Quirky, yet creative director Rey Carolino enlists a full cast in this just over two-hour production of A Midsummer Night’s Dream at San Francisco’s Phoenix Theatre, and like the bird, this play rides the mythological roller coaster of crash and burn/rise from the flames from beginning to end. I do have faith, however, that the ups and downs will teeter to a more steadily burning flame after a few previews, and a few deep breaths on the actors’ parts.
The play’s fairy-cross’d lovers, Christina L. Flynn and Sung Min Park (Hermia and Lysander), along with Livia Demarchi and slightly less so Michael Dorado (Helena and Demetrius) are this play’s breaths of fresh and vibrant air. Flynn and Park express obvious chemistry upon the stage, and Flynn and Demarchi conduct their battles in an acrobatic, WWF sort of fashion adorned with wit.
Our rude mechanicals are an interesting bunch, headed by the frail yet funny Stephen Randolph as Nick Bottom. Randolph is accompanied by a group of drunkards who mock rather than revere their Pyramus in a surprising turn of events. Their play within the play is a comedic joy to watch, and I was left amazed by Bottom's top of the line ass head, labored over for months by none other than Randolph, and the papier mache lion’s costume, created by Scott Ludwig.
A seductive circle of fairies saunter across the stage in a Pussycat Dolls, girl band sort of way, teasing a sometimes too whiny, sometimes sweetly intoxicating Puck (Luis Garza). Our curvaceous fairy dolls even sing a harmonious lullaby to their Fairy Queen. Titania, played by the (I believe) Russian Yelena Segal, is sometimes difficult to understand, although my ears adjusted to her accent before the play was over. Speech is the troupe’s biggest impediment. Even as lovely as it is to watch the darkly lined, deep eyes of this play's Oberon, his strong presence is only felt in his silence. Ludwig, as well as the majority of the actors in this production, speak their lines by rote, sadly much in the way our mechanicals are criticized (with the exclusion of our Hermia and Helena, Lysander and Snug the Joiner (granted Delara Suann’s part is small, her words are well-spoken). These fellows “doth not stand upon points.” They know not the stop. With the stop, the ever-debated comma or colon, comes meaning, and that meaning is lost in throes of memorization – memorization that lacks meaning. Shakespeare is meaning. Without the meaning – without the understanding – there is but airy nothing.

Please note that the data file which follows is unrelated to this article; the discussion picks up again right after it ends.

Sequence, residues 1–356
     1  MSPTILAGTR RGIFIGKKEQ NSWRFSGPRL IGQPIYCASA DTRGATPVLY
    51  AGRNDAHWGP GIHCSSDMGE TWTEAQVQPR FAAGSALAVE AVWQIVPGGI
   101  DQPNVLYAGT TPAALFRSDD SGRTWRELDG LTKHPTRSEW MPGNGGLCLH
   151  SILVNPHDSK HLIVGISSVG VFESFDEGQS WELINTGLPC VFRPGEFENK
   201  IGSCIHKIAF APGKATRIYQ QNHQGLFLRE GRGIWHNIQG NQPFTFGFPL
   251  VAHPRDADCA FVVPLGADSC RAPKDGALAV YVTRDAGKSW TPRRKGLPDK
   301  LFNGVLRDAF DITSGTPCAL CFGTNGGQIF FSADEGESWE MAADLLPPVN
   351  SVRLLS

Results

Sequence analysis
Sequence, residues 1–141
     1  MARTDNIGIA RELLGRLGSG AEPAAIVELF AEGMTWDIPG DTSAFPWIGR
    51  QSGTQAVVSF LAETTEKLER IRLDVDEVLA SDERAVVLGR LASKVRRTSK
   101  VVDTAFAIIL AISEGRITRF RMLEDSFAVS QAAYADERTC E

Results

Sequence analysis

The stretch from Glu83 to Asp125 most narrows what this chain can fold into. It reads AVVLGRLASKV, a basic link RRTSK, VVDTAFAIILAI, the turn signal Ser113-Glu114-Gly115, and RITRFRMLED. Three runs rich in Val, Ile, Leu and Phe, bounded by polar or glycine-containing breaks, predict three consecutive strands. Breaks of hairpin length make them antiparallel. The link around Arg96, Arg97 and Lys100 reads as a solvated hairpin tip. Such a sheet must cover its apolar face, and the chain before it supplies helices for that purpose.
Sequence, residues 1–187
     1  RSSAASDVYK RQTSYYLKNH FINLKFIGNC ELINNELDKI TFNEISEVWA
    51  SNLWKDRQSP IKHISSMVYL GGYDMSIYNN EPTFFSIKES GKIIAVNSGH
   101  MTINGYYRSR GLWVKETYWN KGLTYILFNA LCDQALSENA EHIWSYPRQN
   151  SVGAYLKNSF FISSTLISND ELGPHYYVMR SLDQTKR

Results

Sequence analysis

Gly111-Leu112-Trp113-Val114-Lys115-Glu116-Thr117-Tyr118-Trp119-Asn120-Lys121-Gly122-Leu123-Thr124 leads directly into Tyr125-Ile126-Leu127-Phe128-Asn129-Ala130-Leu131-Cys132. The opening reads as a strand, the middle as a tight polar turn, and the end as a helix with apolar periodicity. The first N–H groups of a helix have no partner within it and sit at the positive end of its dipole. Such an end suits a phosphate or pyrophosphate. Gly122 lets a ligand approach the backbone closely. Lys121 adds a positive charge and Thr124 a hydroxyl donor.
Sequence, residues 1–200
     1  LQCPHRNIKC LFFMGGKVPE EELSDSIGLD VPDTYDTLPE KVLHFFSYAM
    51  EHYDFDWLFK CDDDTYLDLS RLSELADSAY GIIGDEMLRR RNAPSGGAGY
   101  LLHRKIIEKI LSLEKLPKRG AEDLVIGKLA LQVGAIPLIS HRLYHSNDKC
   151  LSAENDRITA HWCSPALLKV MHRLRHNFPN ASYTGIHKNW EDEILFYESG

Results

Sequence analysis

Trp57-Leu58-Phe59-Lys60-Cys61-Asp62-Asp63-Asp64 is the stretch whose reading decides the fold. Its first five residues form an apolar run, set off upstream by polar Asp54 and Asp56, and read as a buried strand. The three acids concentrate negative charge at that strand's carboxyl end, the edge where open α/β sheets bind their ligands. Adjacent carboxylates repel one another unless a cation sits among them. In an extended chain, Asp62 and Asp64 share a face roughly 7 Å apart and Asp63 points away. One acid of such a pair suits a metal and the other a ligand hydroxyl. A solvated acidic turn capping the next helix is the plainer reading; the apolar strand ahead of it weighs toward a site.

Opening preview jitters, perhaps. I’d place a small wager on it. Carolino’s actors have but a short time to understand, but with that comprehension, I have no doubt they will apprehend their audience.